Simon Cho’s Sabotage and Other Skating Scandals and Controversies

Yahoo Contributor Network

Not long after allegations of abuse in the United States speed skating national program began to come to light, another scandal is making headlines. On Friday, October 5, 2012, Simon Cho admitted that he had sabotaged a Canadian competitor's skates during the 2010 Olympic Games. He claims that his coach, Chun Jae-su, the same coach who is accused of the abuse, was the one who ordered the sabotage. The matter is still being investigated and there is no indication of what the punishment would be or if there would be any recourse for the Canadian skater. This is not the first time that a scandal involving skating has made headlines. Here is a look at five of the top skating scandals and controversies.

Nancy Kerrigan and Tanya Harding

No list about skating scandals would be complete without a nod to one of the most dramatic moments in figure skating. In early 1994, figure skater Nancy Kerrigan was hit on the knee with a baton, which left her unable to compete for a spot on the 1994 Olympic team with Tanya Harding. It was widely thought that Harding played a role in the attack, but at that point, it was merely speculation. Kerrigan won a silver medal and Harding finished outside of medal contention. Harding would later plead guilty to relatively minor charges related to the attack and be banned for life from U.S. Figure Skating Association events as both a competitor and coach.

2002 Judging Scandal

In one of the biggest judging scandals in figuring skating history, which led to arrests and bans, judges from France were accused of working with Russian mafia officials so that the Russians would win the pairs figure skating competition and the French would win the ice dancing competition. There have often been times where judges have made controversial decisions, but never was it such a clear cut case of favoritism. After the medal ceremony for the pairs figure skating competition and a review of the performances, the Canadians were awarded a gold medal, the Russians were allowed to keep theirs and no silver medal was given. This scandal led to an overhaul of the way that figure skating is judged, the arrest of the involved mafia members and bans for the judges.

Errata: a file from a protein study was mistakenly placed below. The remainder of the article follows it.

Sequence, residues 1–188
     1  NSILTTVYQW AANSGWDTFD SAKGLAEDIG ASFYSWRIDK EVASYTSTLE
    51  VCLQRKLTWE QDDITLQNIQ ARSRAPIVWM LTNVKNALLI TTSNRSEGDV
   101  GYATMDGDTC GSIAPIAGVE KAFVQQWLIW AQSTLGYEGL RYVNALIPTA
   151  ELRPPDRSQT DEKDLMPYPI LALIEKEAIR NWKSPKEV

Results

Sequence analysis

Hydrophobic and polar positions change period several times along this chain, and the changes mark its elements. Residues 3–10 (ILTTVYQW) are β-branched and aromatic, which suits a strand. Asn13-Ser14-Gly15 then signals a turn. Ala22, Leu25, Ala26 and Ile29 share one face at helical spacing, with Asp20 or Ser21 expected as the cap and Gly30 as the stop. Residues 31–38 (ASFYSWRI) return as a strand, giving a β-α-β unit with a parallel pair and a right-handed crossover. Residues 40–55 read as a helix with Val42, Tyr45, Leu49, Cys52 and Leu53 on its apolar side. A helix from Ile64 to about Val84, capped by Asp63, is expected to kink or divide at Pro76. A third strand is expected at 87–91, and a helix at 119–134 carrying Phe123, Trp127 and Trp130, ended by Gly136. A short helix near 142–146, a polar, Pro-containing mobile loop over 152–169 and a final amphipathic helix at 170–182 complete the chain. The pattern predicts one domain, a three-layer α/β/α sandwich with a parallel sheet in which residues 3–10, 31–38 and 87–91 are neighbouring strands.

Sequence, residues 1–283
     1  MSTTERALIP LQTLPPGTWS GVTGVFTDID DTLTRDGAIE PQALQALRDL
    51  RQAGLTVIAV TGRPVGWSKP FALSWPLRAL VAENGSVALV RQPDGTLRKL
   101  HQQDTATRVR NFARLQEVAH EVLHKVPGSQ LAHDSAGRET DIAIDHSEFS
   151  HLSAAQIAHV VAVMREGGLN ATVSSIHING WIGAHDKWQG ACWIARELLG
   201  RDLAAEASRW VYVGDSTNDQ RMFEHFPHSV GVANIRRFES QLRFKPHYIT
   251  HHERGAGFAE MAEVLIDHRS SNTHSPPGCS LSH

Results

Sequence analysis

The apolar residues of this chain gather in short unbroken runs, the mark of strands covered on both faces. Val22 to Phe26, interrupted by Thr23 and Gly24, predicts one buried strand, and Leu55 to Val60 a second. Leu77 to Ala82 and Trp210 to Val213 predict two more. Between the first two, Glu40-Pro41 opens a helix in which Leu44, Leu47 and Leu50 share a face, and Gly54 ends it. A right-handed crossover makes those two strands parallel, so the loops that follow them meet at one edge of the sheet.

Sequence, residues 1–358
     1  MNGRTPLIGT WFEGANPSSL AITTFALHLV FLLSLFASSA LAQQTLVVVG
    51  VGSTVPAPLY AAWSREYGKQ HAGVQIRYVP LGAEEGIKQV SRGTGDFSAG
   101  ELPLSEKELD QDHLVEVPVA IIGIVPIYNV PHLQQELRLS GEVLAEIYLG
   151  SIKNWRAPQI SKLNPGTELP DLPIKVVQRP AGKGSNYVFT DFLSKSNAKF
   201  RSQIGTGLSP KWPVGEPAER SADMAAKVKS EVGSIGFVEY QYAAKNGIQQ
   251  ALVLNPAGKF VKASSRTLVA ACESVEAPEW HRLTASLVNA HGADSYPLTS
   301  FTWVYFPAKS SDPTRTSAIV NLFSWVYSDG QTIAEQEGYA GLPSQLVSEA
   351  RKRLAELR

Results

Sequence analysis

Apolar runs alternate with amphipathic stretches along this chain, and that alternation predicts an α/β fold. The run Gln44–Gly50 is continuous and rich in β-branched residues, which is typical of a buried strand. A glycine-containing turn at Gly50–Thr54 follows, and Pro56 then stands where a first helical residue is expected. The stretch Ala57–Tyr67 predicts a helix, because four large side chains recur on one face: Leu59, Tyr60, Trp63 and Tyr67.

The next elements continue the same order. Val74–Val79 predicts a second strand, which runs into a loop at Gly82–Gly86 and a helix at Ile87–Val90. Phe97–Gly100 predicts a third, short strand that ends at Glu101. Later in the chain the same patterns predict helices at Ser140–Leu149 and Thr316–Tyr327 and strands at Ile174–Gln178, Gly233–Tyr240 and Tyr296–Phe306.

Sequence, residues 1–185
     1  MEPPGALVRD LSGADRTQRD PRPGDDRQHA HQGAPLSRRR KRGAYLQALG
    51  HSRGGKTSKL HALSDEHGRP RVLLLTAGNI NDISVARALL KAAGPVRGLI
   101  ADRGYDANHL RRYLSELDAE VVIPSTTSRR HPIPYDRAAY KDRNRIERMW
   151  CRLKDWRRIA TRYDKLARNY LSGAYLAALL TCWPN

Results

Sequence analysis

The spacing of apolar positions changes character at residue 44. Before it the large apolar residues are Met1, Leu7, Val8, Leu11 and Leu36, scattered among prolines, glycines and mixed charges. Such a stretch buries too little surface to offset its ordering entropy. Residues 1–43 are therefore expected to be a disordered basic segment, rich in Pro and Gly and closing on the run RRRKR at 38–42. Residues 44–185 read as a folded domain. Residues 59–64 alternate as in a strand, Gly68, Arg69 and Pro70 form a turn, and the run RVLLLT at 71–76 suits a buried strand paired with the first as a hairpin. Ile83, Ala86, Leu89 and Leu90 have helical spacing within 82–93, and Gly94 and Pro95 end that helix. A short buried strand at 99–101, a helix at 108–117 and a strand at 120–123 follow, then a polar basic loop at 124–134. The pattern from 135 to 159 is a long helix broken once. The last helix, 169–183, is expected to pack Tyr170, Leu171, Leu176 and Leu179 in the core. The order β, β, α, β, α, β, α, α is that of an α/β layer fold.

Tara Lipinski's Age

When Tara Lipinski was just 15 years old, she won a gold medal at the 1998 Olympic Games in Nagano, Japan. Her win led to a rules change that required that competitors must have turned 15 before July 1 of the year before the Olympic Games. This would have made Lipinski ineligible. The official reason for changing the rules was to prevent injuries in young competitors.

Katarina Witt's Costume

At the 1988 Winter Olympics, Katarina Witt's costume raised eyebrows and changed the rules for ladies figure skating. She wore a top and feathers but not a skirt. The feathers were short and were placed on her hips. Shortly after, the rules were changed to require a more modest skirt. In 2004, this rule was rescinded and the female competitors now have a wider variety of costume options.

2002 Cross-Tracking Disqualification

In 2002, at the Olympic Games in Salt Lake City, Utah, United States speedskater Apolo Ohno was going for the gold medal when Kim Dong-Sung cut in front of him and took the lead. Dong-Sung won the race but was then disqualified for cross-tracking. Some fans and skaters believe that Ohno may have flailed his arms around to help get the cross-tracking call. With Dong-Sung disqualified, Ohno took the gold medal.

Though Kristin Watt is not a fan of all sports, she does follow the news on most sports religiously. Major news events in sport do tend to ripple out to others and she makes sure that she never misses the big stories.

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